Before any administrative penalties may be imposed, the employer must receive notice by certified mail of the violation and the amount of the penalty, along with an opportunity to request a formal hearing. A request for a formal hearing must be received within 15 working days following the receipt of the notice.

+N.J.A.C. 12:55-1.6.

Pay Frequency

Nonexempt Employees

New Jersey employers must pay the full amount of wages due to nonexempt employees at least semimonthly, on regular pay days designated in advance.

Exempt Employees

An employer may establish regular paydays that occur less frequently than semimonthly for bona fide executive, supervisory and other special classifications of employees, provided that the employees are paid in full at least once each calendar month on a regularly established schedule.

If a regular payday falls on a nonwork day, that is, a day on which the workplace of an employee is not open for business, payment shall be made on the immediately preceding work day, except where it is otherwise provided for in a collective bargaining agreement.

+N.J. Stat. § 34:11-4.2.

Lag Time Before Pay

Employees must be paid within 10 days after the end of each pay period. If the regular payday falls on a nonwork day, employees must be paid on the preceding work day. +N.J.A.C. 12:55-2.4; +N.J. Stat. § 34:11-4.2.

Penalties

Employers that violate the New Jersey pay frequency laws must pay an administrative fee to the Commissioner of Labor and Workforce Development on all gross amounts owed to employees, according to the following schedule:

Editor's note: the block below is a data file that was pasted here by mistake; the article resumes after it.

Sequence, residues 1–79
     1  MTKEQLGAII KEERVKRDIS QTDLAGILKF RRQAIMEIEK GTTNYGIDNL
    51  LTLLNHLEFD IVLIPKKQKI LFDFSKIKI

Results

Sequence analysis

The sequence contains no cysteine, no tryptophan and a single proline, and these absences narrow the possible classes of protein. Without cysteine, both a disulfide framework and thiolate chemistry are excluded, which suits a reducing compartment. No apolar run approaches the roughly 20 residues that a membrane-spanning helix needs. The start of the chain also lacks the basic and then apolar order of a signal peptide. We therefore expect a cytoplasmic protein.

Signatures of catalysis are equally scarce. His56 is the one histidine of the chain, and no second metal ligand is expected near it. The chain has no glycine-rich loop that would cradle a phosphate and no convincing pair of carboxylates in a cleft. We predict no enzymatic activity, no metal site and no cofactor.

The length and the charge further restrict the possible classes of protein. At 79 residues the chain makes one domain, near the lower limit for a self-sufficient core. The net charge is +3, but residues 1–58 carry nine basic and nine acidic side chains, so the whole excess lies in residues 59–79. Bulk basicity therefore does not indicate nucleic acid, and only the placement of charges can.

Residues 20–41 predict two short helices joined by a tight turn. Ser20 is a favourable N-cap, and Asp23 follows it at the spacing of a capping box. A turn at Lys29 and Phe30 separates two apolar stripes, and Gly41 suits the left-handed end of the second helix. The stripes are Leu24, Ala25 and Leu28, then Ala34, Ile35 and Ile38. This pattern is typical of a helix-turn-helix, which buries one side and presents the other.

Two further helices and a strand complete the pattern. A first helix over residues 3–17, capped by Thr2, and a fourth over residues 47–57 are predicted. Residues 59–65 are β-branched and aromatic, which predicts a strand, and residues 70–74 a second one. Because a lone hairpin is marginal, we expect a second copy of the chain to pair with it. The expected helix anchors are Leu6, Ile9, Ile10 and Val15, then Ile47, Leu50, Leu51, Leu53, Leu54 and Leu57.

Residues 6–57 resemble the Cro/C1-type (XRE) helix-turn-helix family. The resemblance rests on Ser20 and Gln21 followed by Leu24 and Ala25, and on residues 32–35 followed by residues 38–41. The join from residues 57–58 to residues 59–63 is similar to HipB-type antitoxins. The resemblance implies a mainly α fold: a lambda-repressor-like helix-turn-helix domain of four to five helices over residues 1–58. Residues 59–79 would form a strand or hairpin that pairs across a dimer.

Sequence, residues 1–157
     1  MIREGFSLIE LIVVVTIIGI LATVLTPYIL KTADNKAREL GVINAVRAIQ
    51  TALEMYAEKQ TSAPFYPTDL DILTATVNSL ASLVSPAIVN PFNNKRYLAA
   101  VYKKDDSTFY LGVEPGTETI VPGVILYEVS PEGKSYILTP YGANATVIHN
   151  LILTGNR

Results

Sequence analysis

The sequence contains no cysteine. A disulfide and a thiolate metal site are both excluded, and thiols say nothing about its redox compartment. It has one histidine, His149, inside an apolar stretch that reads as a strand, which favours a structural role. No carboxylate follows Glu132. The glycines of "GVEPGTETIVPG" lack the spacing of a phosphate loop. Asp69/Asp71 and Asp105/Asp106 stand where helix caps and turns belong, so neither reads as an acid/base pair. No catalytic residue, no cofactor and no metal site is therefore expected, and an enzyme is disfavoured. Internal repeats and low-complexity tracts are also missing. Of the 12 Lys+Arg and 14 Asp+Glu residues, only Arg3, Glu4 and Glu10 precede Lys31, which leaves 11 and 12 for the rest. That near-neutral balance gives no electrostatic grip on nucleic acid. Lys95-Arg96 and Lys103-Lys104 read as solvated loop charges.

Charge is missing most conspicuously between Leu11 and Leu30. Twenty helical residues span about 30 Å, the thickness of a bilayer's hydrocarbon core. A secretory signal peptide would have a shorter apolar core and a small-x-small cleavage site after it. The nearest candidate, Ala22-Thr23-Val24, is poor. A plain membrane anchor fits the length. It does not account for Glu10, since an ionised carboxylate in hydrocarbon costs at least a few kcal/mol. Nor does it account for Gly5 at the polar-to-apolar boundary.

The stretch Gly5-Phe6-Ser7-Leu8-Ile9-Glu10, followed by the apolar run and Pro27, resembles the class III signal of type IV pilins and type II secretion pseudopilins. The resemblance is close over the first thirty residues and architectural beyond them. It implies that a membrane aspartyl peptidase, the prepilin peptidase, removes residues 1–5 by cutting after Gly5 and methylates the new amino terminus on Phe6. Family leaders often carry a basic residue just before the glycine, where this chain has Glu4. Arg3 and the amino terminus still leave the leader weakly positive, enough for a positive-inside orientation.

• First violation - 10% of the amount due to the employee;
  • Second violation - 18% of the amount due to the employee;
  • Third and subsequent violations - 25% of the amount due to the employee.

+N.J.A.C. 12:55-1.5.

As an alternative or in addition to administrative fees, the Commissioner may also impose an administrative penalty in the following amounts:

  • First violation - not more than $250;
  • Second and subsequent violations - $25 to $500.

Before any administrative penalties may be imposed, the employer must receive notice by certified mail of the violation and the amount of the penalty, along with an opportunity to request a formal hearing. A request for a formal hearing must be received within 15 working days following the receipt of the notice.

+N.J.A.C. 12:55-1.6.

Permitted and Prohibited Wage Deductions

Permitted Deductions

Employers may make the following types of deductions from employees' wages:

  • Deductions required by state or federal law;
  • Amounts withheld for contributions authorized either in writing by employees, or under a collective bargaining agreement, to employee welfare, insurance, hospitalization, medical and/or surgical and profit-sharing plans, to plans establishing individual retirement annuities on a group or individual basis (under § 408(b) of the federal Internal Revenue Code (IRC)), or to individual retirement accounts at any state or federal bank, savings bank or savings and loan association (as defined by § 408(a) of the IRC) for the employee and/or his or her spouse;
  • Amounts withheld for contributions authorized either in writing by employees, or under a collective bargaining agreement, for payment into employer-operated thrift plans, or security option or security purchase plans to buy securities of the employing corporation, an affiliated corporation, or other corporations at market price or less, provided the securities are listed on a stock exchange or are marketable over the counter;